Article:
Following is a speech (English only) by Secretary for Health, Welfare and Food, Dr Yeoh Eng-kiong, at the Opening Ceremony of the 4th International UICC Symposium on Nasopharyngeal Carcinoma today (February 14):
Prof Johnson, Prof Chan, Prof King, Dr Leong, Dr O'Sullivan, Distinguished Guests, Ladies and Gentlemen,
It is a great pleasure to be here this morning to welcome you all to the 4th International UICC Symposium on Nasopharyngeal Carcinoma, which is held jointly with the 8th Annual Scientific Symposium of the Hong Kong Cancer Institute. I am pleased to see so many overseas and local cancer researchers and clinicians gather here at this three-day symposium to share knowledge and experience in tackling the wide range of issues arising from the prevention, diagnosis and treatment of Nasopharyngeal Carcinoma (NPC).
We are particularly pleased to learn that Sir Anthony Epstein, discoverer of the Epstein-Barr virus in 1964, is present here today to deliver the opening lecture to delegates. I would like to extend our warmest welcome to Sir Anthony and other distinguished speakers of the Symposium, who have come from many different places to enrich us with their knowledge and insights.
Although NPC is relatively uncommon in the western countries, it is a prevalent malignancy in areas such as southern China, Hong Kong, Singapore, Malaysia and Taiwan. In Hong Kong, the age standaridsed incidence rates for NPC per 100 000 population are 25.1 for males and 9.7 for females. It has been one of the ten leading causes of cancer mortality here since 1960s and was responsible for the deaths of about 400 people each year over the past few decades. Since Hong Kong has a relatively high incidence rates for this type of cancer, our healthcare professionals have developed considerable experience and contributed significantly to the understanding of this disease and its various treatment modalities.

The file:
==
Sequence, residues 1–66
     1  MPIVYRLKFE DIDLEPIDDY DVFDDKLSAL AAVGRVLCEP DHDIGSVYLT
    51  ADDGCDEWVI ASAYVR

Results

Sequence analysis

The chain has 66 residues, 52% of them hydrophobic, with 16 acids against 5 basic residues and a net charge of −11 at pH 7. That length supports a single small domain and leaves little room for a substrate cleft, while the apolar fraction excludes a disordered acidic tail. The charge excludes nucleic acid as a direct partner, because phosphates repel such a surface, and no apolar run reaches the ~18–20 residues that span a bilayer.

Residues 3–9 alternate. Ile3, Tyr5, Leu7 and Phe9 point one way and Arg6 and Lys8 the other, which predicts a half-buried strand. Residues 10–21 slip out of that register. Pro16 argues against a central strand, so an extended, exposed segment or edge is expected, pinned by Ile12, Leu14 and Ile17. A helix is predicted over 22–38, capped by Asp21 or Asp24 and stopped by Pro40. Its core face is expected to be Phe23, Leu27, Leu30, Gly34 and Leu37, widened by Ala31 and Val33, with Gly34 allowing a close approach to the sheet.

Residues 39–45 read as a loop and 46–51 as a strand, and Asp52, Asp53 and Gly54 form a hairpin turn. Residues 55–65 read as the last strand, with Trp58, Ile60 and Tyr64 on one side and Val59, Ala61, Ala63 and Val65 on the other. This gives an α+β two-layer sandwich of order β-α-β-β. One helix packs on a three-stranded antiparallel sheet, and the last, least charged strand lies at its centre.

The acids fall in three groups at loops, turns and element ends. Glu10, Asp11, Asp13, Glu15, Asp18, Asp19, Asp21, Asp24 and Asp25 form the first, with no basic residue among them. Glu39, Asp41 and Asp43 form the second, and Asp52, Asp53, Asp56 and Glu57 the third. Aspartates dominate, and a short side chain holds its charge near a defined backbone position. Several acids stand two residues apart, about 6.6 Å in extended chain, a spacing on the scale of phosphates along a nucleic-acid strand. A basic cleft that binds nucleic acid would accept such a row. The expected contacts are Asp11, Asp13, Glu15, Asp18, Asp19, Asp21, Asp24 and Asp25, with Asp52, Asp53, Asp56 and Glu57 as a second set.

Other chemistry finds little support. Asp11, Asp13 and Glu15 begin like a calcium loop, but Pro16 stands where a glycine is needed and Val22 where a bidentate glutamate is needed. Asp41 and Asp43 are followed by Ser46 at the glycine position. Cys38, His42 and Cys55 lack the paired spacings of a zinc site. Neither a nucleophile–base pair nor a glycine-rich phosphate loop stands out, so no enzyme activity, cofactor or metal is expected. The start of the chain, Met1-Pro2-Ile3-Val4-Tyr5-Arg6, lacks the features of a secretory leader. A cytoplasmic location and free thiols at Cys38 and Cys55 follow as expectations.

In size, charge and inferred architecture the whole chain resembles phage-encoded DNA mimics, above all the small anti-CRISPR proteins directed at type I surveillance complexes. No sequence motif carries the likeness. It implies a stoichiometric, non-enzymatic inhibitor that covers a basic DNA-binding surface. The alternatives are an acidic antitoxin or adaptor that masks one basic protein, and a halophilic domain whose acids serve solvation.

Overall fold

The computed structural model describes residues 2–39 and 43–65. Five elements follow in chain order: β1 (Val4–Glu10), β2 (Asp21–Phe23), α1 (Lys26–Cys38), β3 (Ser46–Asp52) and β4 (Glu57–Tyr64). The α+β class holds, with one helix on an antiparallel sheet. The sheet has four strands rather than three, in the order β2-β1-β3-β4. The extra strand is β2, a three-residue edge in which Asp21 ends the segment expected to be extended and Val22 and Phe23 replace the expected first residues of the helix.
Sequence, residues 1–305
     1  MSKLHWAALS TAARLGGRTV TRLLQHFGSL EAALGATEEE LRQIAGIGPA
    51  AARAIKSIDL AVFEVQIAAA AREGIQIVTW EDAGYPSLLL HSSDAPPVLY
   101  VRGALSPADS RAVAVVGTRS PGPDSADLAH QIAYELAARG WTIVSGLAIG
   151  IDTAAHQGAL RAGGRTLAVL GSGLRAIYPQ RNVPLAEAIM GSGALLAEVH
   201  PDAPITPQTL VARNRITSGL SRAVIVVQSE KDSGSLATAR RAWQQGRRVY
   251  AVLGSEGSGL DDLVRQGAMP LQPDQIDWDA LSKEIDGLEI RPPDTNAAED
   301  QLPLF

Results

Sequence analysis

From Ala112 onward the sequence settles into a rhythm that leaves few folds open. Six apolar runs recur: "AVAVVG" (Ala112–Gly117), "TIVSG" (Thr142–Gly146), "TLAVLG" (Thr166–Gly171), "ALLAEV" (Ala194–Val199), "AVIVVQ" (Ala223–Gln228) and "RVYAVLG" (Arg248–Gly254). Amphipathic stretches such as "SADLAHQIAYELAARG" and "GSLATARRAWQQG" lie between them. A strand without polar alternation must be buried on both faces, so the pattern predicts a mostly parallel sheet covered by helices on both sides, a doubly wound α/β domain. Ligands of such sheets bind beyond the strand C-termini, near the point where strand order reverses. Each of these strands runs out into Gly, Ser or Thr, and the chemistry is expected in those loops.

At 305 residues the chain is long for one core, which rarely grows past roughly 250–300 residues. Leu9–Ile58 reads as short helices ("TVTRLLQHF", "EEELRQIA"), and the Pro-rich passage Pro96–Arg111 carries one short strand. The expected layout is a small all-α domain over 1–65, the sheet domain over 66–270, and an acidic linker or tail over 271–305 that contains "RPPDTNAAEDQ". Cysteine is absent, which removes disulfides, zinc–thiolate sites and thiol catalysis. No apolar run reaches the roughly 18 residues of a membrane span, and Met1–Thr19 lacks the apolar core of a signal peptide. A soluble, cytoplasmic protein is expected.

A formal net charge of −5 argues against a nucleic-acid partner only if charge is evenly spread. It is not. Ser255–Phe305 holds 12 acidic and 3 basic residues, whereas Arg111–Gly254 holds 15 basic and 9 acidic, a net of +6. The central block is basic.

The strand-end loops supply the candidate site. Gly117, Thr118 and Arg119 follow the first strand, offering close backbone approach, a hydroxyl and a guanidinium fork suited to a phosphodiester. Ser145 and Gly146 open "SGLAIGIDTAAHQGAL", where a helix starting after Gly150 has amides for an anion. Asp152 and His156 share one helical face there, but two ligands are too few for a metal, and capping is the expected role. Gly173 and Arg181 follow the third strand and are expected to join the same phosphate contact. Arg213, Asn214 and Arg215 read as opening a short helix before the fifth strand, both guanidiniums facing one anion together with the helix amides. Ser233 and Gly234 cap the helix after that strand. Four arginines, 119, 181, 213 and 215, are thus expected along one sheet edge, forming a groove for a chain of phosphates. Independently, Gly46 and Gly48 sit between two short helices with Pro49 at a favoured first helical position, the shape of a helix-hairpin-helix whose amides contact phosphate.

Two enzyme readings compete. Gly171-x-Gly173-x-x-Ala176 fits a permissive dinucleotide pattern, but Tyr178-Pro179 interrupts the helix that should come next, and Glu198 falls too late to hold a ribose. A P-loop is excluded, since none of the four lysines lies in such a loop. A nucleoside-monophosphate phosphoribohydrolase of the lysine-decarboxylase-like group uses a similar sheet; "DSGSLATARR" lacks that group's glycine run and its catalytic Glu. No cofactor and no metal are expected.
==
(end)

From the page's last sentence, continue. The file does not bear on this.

Local and international research studies on NPC show that this type of cancer may be the result of both genetic susceptibility and environmental factors such as carcinogens and infection with Epstein-Barr virus. It is suggested that in Southern China, where the incidence of NPC is high, diet may be a crucial factor in the development of this disease, particularly the ingestion of Cantonese-style salted fish and preserved foods containing carcinogenic nitrosamines. Knowledge of these environmental risk factors will help reduce the incidence of NPC in the longer run through the promotion of a healthy lifestyle.
This international symposium not only provides a unique opportunity for healthcare professionals around the world to discuss innovative solutions and state-of-the-art technologies relating to the diagnosis, treatment and prevention of NPC, it also helps us arouse greater public awareness of the disease, thereby contributing to the prevention and treatment of this disease. I would like to congratulate the Local Organising Committee for successfully bringing this international event to Hong Kong. I am sure that under their meticulous planning, all participants of the symposium will have much to learn and benefit from each other from its wide range of scientific programmes over these three days. Moreover, for those delegates from overseas countries and other parts of China, I hope you would find your stay in this dynamic and vibrant city most enjoyable and rewarding.
With these remarks, I have pleasure in declaring the 4th International UICC Symposium on Nasopharyngeal Carcinoma officially open. Thank you.
End/Friday, February 14, 2003